Plaintiff alleges that as a result of failure to timely receive his regular medications, he suffered headaches and loss of sleep, dangerously high blood pressure, and unhealthy blood sugar levels; and he had to increase his dosage of one or more medications due to the irregular administration.

         Following each of these incidents, Plaintiff filed a grievance on the day-of and did not receive any response, notwithstanding that the County Department of Justice Services' Inmate Handbook requires the County to respond to grievances within five days. On September 19, 2018, Plaintiff filed a sixth grievance, complaining that none of his prior grievances had been addressed. Again, Plaintiff did not receive a timely response. He therefore filed a complaint in this Court, pro se, on October 1, 2018. Only after filing this lawsuit did Plaintiff receive a response from the County to his grievance, in the form of a Formal Inmate Grievance Response Form with the purported date of September 22, 2018, responding to Plaintiff's September 19, 2018 grievance.

         On April 22, 2019, the Court granted Plaintiff's motion to appoint counsel, and appointed counsel thereafter sought leave to amend Plaintiff's complaint. On May 31, 2019, the Court granted Plaintiff's motion for leave to amend in part, permitting Plaintiff to add factual allegations against Stuckey-Parchmon and to add municipal liability claims against the County.[4] ECF No. 32.

         Plaintiff's amended complaint contains two counts brought pursuant to 42 U.S.C. § 1983. Count I, asserted against Stuckey-Parchmon in her individual capacity and against the County, alleges a violation of Plaintiff's Eighth Amendment rights based on Stuckey-Parchmon's refusal to dispense Plaintiff's medication. Count II, asserted against the County only, alleges a violation of Plaintiff's Fourteenth Amendment rights based on the County's lack of, or disregard of, a grievance process. Plaintiff seeks compensatory and punitive damages.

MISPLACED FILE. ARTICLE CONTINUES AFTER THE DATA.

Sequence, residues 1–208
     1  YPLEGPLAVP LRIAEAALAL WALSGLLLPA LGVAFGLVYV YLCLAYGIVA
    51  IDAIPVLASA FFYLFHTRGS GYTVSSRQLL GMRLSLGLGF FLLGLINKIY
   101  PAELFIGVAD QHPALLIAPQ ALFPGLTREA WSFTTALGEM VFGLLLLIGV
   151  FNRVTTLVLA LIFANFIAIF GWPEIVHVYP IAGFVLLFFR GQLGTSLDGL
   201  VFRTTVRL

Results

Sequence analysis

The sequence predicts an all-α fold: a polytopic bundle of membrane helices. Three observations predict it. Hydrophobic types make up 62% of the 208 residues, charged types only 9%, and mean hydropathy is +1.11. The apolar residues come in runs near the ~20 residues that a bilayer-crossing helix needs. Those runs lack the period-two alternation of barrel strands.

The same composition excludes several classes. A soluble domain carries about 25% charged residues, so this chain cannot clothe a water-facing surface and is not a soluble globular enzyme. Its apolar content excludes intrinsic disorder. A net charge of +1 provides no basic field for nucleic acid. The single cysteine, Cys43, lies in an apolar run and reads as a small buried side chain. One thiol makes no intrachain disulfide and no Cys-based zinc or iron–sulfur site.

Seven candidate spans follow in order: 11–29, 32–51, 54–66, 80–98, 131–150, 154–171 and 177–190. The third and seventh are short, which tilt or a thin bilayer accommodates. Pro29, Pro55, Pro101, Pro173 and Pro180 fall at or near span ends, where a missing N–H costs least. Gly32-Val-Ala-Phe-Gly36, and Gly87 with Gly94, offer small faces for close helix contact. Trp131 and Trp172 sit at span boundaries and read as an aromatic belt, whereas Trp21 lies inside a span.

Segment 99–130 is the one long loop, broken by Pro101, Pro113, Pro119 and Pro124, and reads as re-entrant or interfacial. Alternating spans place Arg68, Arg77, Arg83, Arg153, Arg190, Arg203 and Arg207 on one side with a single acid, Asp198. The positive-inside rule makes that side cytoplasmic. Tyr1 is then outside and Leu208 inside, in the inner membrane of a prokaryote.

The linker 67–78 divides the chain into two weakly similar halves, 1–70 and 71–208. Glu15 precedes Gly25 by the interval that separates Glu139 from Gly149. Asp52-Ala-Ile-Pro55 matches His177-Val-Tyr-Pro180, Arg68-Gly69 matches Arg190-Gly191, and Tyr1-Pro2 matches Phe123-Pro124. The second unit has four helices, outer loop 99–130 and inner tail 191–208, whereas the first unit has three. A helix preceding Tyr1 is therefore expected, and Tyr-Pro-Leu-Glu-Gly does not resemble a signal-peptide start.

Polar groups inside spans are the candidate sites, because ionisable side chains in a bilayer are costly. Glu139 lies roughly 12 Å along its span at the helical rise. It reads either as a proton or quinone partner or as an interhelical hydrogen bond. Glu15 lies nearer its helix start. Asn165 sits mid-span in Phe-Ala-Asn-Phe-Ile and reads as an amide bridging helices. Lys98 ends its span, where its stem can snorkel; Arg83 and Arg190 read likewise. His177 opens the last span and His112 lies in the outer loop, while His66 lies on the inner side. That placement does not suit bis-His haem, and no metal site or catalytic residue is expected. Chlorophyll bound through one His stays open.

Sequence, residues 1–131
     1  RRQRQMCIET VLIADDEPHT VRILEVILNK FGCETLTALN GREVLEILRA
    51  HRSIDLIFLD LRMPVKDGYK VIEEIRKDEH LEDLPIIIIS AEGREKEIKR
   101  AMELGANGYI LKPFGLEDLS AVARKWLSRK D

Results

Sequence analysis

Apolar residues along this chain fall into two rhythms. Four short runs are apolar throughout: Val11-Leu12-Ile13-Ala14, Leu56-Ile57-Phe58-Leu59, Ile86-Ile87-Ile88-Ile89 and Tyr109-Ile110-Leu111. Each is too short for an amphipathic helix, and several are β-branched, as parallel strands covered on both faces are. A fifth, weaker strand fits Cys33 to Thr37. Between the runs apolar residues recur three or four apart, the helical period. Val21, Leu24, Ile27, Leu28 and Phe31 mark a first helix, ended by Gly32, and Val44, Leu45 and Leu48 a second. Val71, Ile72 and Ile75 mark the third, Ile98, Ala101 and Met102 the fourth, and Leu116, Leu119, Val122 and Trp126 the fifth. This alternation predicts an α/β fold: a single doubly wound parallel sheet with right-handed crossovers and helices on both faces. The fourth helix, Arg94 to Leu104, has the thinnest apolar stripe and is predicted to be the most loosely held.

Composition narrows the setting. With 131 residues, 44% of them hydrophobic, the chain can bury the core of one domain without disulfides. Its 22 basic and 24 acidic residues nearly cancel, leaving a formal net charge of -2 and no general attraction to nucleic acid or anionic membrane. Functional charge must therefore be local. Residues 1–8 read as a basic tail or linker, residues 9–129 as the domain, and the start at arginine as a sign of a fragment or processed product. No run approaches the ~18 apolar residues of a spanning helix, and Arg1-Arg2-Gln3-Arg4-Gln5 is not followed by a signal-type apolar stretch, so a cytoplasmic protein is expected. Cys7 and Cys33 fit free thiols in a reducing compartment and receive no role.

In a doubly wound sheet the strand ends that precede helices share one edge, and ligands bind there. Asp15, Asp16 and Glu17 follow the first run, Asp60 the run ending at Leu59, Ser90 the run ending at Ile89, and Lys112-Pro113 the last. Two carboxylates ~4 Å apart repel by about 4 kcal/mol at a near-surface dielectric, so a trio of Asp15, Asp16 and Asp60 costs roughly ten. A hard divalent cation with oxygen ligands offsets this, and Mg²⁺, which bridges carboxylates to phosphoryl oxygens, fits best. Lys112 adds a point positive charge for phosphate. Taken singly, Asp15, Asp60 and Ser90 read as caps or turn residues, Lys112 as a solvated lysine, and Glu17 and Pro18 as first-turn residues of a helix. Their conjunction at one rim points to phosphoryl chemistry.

The County now moves to dismiss both claims against it for failure to state a claim. The County argues that Count I fails to plausibly allege an underlying constitutional violation or municipal liability under Monell v. Department of Social Services of City of New York, 436 U.S. 658 (1978). As to Count II, the County argues that there is no constitutional right to a prison grievance procedure.

         DISCUSSION

         To survive a motion to dismiss, a plaintiff's claims must contain sufficient factual matter, accepted as true, to “state a claim to relief that is plausible on its face.” Bell Atl. Corp. v. Twombly, 550 U.S. 544, 570 (2007). The reviewing court accepts the plaintiff's factual allegations as true and draws all reasonable inferences in favor of the nonmoving party. Torti v. Hoag, 868 F.3d 666, 671 (8th Cir. 2017). But “[c]ourts are not bound to accept as true a legal ...